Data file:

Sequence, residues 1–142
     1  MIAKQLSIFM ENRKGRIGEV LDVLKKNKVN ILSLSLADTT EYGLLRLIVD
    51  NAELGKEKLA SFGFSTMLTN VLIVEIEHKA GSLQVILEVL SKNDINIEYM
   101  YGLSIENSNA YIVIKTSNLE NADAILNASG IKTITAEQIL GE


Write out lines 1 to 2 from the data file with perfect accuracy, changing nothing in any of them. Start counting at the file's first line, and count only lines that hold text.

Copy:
Sequence, residues 1–142
     1  MIAKQLSIFM ENRKGRIGEV LDVLKKNKVN ILSLSLADTT EYGLLRLIVD